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[perl #26909] Peculiar access to lexical vars from code in regexes

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Jamie Lokier
February 21, 2004 13:47
[perl #26909] Peculiar access to lexical vars from code in regexes
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# New Ticket Created by  Jamie Lokier 
# Please include the string:  [perl #26909]
# in the subject line of all future correspondence about this issue. 
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This is a bug report for perl from,
generated with the help of perlbug 1.34 running under perl v5.8.0.

[Please enter your report here]

Perl allows regular expressions to contain code which is executed when
that position in the pattern is reached during a match.  See `man
perlre' for details.  For example:


If the code refers to lexical variables in the surrounding subroutine
scope, the code accesses the first _instance_ of those lexicals that
exists when the regex is first compiled.  Subsequent calls reference
that instance, even if the lexical has been destroyed and recreated by
virtue of the scope having been exited and re-entered.

This is very peculiar behaviour.

For example, the following subroutine returns (1, 0, 0), not the more
logical (1, 1, 1):

    sub test1() { map { my $x = 0; /(?{$x++})/; $x; } (1..3) }

This subroutine returns (1, 2, 3) as expected:

    sub test2() { my $x = 0; map { /(?{$x++})/; $x; } (1..3) }

However, when it is called a second time, it returns (0, 0, 0).

These problems occur with string-interpolated regexes too, independent
of whether or not the regex "o" flag is used (because Perl still tries
to avoid recompiling a regex if it hasn't changed between calls).

To ensure the expected variables are referenced inside the regex code,
the variables need to be at a large enough scope that they remain live
between calls to the regex.  For example, this function returns (1, 2,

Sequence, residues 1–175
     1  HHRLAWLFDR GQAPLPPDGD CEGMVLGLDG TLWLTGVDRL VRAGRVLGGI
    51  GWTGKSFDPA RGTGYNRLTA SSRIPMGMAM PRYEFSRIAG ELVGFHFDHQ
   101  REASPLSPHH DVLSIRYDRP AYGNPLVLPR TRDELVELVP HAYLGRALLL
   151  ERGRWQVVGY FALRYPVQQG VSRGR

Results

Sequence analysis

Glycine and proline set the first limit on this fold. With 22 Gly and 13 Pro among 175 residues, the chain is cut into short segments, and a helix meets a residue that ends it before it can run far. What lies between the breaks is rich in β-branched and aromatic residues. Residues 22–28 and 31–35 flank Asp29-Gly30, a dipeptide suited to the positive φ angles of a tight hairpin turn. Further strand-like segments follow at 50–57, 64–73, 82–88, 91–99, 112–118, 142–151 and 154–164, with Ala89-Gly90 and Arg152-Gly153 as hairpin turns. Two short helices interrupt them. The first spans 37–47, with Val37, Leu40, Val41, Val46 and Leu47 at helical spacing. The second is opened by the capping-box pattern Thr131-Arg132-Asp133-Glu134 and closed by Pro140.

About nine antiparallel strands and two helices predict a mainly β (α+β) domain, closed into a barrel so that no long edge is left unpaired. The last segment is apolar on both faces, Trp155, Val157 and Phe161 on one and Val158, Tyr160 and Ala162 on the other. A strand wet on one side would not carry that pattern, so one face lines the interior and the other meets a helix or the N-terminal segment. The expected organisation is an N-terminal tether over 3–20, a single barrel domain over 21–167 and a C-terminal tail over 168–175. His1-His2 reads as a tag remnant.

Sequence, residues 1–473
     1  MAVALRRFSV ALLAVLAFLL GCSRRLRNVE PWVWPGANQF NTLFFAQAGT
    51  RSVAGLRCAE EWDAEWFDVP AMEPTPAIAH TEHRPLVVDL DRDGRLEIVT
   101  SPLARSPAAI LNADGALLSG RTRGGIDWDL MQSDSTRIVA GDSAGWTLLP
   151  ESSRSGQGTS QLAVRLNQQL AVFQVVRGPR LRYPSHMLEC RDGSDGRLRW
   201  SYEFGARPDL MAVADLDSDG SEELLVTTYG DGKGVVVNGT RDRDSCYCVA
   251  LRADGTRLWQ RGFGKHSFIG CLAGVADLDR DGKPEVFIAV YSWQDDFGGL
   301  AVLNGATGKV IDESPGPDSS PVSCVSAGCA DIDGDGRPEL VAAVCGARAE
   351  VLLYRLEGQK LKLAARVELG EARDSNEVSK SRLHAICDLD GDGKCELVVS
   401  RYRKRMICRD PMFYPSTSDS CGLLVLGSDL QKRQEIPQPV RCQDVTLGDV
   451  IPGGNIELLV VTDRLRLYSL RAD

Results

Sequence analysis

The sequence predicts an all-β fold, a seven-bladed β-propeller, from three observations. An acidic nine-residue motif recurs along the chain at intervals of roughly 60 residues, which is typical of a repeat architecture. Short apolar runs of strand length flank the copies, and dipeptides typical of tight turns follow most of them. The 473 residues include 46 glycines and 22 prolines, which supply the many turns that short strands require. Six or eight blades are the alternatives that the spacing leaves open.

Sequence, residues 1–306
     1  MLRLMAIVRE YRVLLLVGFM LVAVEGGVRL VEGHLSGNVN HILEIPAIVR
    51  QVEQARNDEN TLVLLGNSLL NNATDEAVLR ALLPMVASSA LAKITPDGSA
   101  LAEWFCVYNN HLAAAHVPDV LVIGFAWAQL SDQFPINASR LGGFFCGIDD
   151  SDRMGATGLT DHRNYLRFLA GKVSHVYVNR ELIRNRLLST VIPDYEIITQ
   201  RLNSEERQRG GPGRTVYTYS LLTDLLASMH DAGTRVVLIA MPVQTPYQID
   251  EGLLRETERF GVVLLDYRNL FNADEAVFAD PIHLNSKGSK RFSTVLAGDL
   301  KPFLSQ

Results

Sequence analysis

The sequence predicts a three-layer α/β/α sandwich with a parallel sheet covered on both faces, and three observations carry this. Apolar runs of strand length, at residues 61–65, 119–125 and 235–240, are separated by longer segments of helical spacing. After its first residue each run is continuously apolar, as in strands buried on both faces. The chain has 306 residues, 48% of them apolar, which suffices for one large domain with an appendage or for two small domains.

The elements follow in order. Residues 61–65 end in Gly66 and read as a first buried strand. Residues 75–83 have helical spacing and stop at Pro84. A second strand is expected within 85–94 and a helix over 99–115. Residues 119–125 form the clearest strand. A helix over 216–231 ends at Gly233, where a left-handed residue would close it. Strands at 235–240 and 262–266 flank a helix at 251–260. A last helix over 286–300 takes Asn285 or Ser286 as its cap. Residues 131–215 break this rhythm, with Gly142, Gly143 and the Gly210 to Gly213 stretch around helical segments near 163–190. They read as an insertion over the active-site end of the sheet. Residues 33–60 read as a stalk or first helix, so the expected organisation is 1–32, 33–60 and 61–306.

3) every time it is called:

    my $test3_x;
    sub test3() { $test3_x = 0; map { /(?{$test3_x++})/; $test3_x; } (1..3) }

In general, when code inside a regex references variables, you have to
make sure those variables are globals (declared with "our") or local
to the package (declared with "my" _outside_ any "sub" definitions).
If you forget to do this, your program is likely harbouring an obscure
bug which will be difficult to track down.

You can still use lexical scopes to confine the variable names to a
small region of code.  It simply has to be outside a scope which is
exited and re-entered, which usually means a subroutine scope.  For
example, this subroutine also returns (1, 2, 3) every time it is called,
and doesn't define any variables which are visible to any other code:
    { my $x; sub test4() { $x = 0; map { /(?{$x++})/; $x; } (1..3) } }

When a regex object is defined using the "qr//" operator, and it is
called unchanged from a match ("m//") or substitution ("s///"), code in
the regex will access the first instances of lexical variables at the
scope where the "qr//" appears, not where it is called.

However if the regex object is interpolated into another pattern, code
will access the first instances of lexical variables at the point of

For example:

    my $x;		# Outer $x.
    my $re = qr/(?{$x++})/;
    {			# Inner $x.
        my $x;
        /$re/;		# Code in the regex increments Outer $x.
        /$re()/;	# Code in the regex increments Inner $x.

A consequence of this behaviour is that you can't write self-contained
parsing subroutines that look like this, because they don't work:

    sub count_cats_and_dogs($) {
        my ($cats, $dogs) = (0, 0);
        $_[0] =~ /(?:.*?\b(?:cat\b(?{$cats++})|dog\b(?{$dogs++})))*/g;
        return ($cats, $dogs);

Instead, you have to write in this awkward style:

        my ($cats, $dogs);
        sub count_cats_and_dogs($) {
            ($cats, $dogs) = (0, 0);
            $_[0] =~ /(?:.*?\b(?:cat\b(?{$cats++})|dog\b(?{$dogs++})))*/g;